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The Pentagon hopes the test will pave the way for use of the bomb -- should there be a war in Iraq -- against critical targets on the surface and underground.


The new Massive Ordnance Air Blast, or MOAB, was dropped from a military transport plane over a test site at Eglin, 60 miles east of Pensacola, Florida, just after 2 p.m.


It was the final test of the new Massive Ordnance Air Blast, or MOAB, and the first to use actual explosives. Two previously undisclosed tests, one in February and one on Friday, were inert.


The Air Force released video of the Tuesday's test, which showed the bomb falling through the sky and bursting into a massive fireball upon impact. A cloud of smoke then rose hundreds of feet into the sky.


The video was released in hopes of placing additional pressure on the Iraqi military, officials said.


"The goal is to have the pressure be so great that Saddam Hussein cooperates," Defense Secretary Donald Rumsfeld told reporters. "Short of that -- an unwillingness to cooperate -- the goal is to have the capabilities of the coalition so clear and so obvious that there is an enormous disincentive for the Iraqi military to fight against the coalition."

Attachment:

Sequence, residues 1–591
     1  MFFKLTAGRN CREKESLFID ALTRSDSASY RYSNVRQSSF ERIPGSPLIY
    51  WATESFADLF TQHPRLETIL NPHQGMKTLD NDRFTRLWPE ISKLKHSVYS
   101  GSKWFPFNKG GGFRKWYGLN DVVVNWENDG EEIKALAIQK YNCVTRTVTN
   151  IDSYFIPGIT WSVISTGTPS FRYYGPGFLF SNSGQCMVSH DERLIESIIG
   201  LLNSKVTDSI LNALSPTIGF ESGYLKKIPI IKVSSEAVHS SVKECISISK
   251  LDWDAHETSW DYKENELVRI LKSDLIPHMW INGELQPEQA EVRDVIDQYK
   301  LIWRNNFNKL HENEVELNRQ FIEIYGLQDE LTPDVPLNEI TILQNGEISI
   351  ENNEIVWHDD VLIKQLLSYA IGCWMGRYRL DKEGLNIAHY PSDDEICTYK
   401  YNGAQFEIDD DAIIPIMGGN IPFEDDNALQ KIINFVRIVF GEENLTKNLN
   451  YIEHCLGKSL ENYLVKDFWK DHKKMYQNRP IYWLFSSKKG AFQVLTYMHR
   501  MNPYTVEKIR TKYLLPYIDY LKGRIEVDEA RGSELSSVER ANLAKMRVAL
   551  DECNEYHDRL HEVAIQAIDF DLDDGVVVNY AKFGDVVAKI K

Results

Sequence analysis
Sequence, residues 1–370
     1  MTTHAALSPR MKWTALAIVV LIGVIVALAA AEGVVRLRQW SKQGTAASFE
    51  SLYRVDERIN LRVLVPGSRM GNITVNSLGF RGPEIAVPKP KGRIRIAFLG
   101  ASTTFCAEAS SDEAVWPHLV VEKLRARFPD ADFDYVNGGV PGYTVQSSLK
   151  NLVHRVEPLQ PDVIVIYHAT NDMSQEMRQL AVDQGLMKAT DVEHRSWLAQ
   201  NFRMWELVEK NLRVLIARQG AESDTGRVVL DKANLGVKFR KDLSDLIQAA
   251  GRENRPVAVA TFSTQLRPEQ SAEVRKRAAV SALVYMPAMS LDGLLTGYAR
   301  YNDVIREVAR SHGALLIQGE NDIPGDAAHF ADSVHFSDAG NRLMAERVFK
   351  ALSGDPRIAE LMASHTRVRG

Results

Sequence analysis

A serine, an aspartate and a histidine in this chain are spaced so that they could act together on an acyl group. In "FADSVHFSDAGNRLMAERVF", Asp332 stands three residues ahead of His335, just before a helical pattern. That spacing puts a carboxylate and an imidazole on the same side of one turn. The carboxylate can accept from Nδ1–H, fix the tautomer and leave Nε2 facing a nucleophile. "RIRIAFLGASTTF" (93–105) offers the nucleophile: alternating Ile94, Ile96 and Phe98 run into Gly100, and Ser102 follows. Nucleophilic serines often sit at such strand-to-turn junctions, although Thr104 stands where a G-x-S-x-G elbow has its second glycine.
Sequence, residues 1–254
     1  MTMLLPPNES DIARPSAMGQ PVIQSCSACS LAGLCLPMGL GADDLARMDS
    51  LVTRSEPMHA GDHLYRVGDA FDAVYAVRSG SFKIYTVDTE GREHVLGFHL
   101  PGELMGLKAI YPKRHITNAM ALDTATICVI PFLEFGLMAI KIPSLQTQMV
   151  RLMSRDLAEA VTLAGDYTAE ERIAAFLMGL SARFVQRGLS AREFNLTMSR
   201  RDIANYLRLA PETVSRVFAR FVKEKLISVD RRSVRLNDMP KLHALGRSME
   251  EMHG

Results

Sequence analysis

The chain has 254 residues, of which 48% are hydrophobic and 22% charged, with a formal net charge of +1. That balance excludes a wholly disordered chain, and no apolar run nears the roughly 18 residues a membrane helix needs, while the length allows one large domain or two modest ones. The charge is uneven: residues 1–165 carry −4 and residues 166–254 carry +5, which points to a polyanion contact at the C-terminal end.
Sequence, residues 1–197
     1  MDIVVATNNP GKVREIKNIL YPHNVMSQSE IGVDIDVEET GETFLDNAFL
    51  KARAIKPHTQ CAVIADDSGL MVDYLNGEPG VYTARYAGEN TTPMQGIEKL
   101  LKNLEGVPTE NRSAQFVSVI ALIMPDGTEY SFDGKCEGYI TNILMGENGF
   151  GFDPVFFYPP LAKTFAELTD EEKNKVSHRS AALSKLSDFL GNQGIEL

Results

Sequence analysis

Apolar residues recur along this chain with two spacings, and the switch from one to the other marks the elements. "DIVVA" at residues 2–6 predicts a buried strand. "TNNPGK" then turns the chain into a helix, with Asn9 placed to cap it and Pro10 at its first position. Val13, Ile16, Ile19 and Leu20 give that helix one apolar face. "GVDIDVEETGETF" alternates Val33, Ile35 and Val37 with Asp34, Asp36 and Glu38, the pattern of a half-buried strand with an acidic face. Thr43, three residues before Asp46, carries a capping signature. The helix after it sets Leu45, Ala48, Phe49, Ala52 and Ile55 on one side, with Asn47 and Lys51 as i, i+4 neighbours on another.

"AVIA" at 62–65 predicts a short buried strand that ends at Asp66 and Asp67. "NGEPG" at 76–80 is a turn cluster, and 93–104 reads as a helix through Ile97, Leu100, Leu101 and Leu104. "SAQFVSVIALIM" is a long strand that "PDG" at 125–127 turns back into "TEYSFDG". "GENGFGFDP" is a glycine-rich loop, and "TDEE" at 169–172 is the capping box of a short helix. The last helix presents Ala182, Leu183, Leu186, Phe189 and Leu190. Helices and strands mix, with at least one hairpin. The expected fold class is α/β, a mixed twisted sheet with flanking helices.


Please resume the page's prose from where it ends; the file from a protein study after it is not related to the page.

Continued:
The National Earthquake Information Center said it found no seismic activity as a result of the explosion, as some in the military had indicated might occur. A 10,000-foot cloud had been expected and local residents had been warned of possible loud noise.


Kathy Fite, a waitress at the International House of Pancakes in Fort Walton Beach, about 20 miles from the test site, said she heard the explosion, but it did not rattle the restaurant's windows or shake the ground.


She described the explosion as loud, but "not real loud." Fite said the blast was comparable to the sound of warships that sometimes test fire in the area.


Pentagon officials said they were examining results of the test to determine whether it worked as designed.


MOAB, privately known in military circles as "the mother of all bombs," has been under development since late last year. The bomb carries 18,000 pounds of tritonal explosives, which have an indefinite shelf life. It replaces the Vietnam-era "Daisy Cutter," a 15,000-pound bomb with 12,600 pounds of the less-powerful GSX explosives.


As originally conceived, the MOAB was to be used against large formations of troops and equipment or hardened above-ground bunkers. The target set has also been expanded to include deeply buried targets.


But military officials tell CNN that the MOAB is mainly conceived as a weapon employed for "psychological operations." Military officials say they hope the MOAB will create such a huge blast that it will rattle Iraq troops and pressure them into surrendering or not even fighting. Officials suggest perhaps the Iraqis might even mistake a MOAB blast for a nuclear detonation.


The MOAB is deployed on a pallet from a C-130 aircraft. It initially has a parachute, but as it deploys, the Inertial Navigation System and Global Positioning System take over. The bomb also has wings and grid fins for guidance.


For latest updates, see CNN.com's Iraq Tracker

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